By the end of the module, students should be able to:
This module builds on the first year module Field Archaeology where students have been introduced to artefacts through fieldwalking and training in the museum.
Through the term, students will be expected to develop their skills in critiquing a specialist report (students write their own specialist report in the co-requisite module the following term, so it is important that they understand good practice). The formative assessment is designed to provide training, and a similar summative assessment is handed in at the end of term. Students will be encouraged to keep a lab notebook during term and in week 10 they will be assessed on the practical skills they have acquired during practical sessions through the term, and their ability to “think on their feet” in a class test.
The module will provide basic knowledge and skills related to artefact analysis and interpretation, that may then be built upon in the summer term’s ‘team project: artefact analysis’. In particular, students will be introduced to some of the basic data sources used by finds specialists, including site reports and electronic resources such as the database of the Portable Antiquities Scheme (www.finds.org.uk). They will be introduced to basic analytical skills (description, measurement, identification of raw material and manufacturing methods, and dating). The importance of these phenomena in interpretation will be discussed, as will the roles of artefacts in contributing to archaeology as a whole. Students will also consider some of the ethical and data-quality concerns of artefact analysis (e.g. the role of metal-detecting).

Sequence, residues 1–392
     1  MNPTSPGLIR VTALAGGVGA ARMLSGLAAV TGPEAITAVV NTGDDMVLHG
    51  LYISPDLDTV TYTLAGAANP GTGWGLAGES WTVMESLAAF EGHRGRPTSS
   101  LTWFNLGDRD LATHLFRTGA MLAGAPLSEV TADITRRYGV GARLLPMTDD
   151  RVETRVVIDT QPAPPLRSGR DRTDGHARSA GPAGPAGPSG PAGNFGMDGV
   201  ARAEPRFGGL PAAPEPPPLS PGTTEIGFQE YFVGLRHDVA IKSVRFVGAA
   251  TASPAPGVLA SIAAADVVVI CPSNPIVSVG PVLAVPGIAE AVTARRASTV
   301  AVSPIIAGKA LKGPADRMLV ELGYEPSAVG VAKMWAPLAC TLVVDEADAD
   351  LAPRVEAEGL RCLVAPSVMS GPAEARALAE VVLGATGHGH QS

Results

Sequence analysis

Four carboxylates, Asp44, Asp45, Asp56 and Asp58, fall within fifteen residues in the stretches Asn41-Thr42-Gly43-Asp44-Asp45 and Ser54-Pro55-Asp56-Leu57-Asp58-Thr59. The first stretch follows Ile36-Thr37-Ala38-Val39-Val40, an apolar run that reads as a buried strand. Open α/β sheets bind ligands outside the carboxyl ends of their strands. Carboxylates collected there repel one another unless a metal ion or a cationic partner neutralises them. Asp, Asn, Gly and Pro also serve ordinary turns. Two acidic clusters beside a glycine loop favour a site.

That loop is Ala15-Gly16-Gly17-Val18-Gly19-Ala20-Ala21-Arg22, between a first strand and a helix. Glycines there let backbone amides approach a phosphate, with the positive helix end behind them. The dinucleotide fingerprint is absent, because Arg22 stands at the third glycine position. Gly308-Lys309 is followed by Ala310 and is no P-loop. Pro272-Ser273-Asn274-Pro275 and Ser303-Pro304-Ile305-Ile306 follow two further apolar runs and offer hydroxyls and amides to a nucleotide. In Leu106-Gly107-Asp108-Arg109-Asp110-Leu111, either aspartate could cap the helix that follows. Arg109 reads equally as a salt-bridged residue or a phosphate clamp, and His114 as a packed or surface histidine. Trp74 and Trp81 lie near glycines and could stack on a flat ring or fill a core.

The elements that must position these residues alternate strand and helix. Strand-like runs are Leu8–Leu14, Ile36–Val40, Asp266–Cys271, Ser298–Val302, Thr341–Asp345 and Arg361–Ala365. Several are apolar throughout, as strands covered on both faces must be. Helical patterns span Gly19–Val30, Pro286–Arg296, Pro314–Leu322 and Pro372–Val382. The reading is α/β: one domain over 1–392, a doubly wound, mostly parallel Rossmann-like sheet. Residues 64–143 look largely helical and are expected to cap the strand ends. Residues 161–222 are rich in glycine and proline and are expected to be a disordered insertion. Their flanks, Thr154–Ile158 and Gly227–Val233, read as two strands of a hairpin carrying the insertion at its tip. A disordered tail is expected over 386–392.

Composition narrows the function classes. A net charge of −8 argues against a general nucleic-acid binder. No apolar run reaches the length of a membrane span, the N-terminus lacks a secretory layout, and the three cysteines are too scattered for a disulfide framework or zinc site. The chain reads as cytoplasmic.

The students will be able to engage with some of the key classes of material culture, drawn from ceramics, metalwork, coinage, lithics, and bone/antlerwork. They will see that each class comes with its own suite of approaches and problems. Important sources of material include the ceramic reference collection developed for the CONTACT project (housed at Hull Museum) and material stored in the Yorkshire Museum.
Finally, the course will allow students to consider how the various facets of analysis may be brought together as finds reports, and, in turn, how such reports may best be integrated with site reports. This will allow critique and consideration of best-practice in publication, and will provide a valuable introduction for the work to be undertaken as part of the summer term’s ‘team project’ on artefact analysis.
This module not only provides practical skills in a certain area but also gives students the opportunity to develop the following skills: